• In block 720, the processor may control one or more parameters (e.g., a sensor sampling or frame rate and/or data processing rate) for processing output data received from each of the sensors based on the vehicle's speed and the direction of travel and the one or more collision risk factors in the view direction and/or field of view of the sensor. In some embodiments, the processor may calculate a probability or likelihood of collision based on the vehicle's speed and the direction of travel and the one or more collision risk factors in the view direction and/or field of view of each sensor and then use the calculated probability of collision in deciding whether to throttle, increase or maintain the sensor sampling or frame rate and/or data processing rate of output data from a particular sensor.
  • For example, if the processor (e.g., 310) determines that the vehicle is travelling North at a low speed and a moving obstacle is traveling at high speeds toward the vehicle from the West, the processor (e.g., 310) may throttle the sensor sampling or frame rate and/or data processing rate of output data received from the sensors (e.g., 220) that are directed away from the direction of the moving obstacle as the threat of collision is higher in the direction of West. In some embodiments in which one or more view sensors (e.g., 220) face or perceive the environment in the direction of the collision threat, the processor may throttle the sensor sampling or frame rate and/or processing of data from one or more sensors that are not as effective, reliable or fast enough in detecting obstacles in current conditions (e.g., night, day, fog, etc.).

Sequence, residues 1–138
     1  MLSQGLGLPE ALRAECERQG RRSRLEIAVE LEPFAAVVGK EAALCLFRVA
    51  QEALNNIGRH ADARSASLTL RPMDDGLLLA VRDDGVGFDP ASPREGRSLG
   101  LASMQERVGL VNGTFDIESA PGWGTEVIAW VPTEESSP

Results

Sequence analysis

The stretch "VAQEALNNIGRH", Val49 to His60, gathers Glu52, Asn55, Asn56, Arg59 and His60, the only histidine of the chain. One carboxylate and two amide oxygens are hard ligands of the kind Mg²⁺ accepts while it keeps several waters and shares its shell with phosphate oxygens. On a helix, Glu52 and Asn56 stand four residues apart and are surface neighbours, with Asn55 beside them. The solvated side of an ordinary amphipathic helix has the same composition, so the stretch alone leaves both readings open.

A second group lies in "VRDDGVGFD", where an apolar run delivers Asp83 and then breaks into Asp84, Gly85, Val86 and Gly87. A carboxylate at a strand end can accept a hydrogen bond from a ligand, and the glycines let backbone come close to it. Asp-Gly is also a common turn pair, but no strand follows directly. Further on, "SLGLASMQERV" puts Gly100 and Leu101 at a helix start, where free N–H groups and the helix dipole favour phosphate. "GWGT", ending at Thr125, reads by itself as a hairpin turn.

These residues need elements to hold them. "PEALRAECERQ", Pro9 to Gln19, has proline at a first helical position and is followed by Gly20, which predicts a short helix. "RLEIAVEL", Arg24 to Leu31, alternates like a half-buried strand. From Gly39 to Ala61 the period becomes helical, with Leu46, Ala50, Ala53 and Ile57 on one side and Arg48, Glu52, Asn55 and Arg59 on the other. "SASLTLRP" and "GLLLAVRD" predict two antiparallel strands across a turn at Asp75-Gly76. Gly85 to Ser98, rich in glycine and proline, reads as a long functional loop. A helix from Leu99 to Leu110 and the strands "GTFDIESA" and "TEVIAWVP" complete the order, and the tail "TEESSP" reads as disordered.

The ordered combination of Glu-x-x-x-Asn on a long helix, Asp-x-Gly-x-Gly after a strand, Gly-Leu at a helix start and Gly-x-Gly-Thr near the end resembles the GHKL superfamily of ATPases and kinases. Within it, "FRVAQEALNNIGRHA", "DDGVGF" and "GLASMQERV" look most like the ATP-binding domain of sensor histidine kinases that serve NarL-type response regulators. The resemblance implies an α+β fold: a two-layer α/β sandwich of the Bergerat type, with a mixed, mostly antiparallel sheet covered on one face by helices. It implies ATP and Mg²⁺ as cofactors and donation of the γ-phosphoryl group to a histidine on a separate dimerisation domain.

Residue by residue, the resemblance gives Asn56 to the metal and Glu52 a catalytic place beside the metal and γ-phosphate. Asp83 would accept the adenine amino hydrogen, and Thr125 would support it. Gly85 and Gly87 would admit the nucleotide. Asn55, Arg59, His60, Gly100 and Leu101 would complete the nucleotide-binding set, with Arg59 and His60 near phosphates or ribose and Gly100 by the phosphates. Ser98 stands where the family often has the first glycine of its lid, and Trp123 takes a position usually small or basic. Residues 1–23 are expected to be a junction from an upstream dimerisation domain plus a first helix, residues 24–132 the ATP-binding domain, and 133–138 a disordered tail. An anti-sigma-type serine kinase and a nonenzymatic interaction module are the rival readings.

• Various embodiments also include dynamically controlling one or more parameters for obtaining and/or processing sensor data received from a sensor, particularly a stereoscopic sensor (e.g., the view sensors 220 a, 220 b, 220 c), on a vehicle based on the speed of the vehicle and/or a particular mission or task performed using the sensor output data (generally referred to herein as “sensor data”). For example, in some embodiments, when a vehicle (e.g., the UAV 100, 200) is hovering or slowly moving, it is likely that the surrounding environment perceived by the sensor will also be changing slowly, if at all. Thus, the update rate at which sensor data is obtained (e.g., frame rate) and/or processed may be decreased or throttled. Although some parameters (e.g., the update rate) may be increased when the vehicle's speed exceeds a threshold, other parameters for processing sensor data may be decreased based on the particular mission or task performed using the sensor data.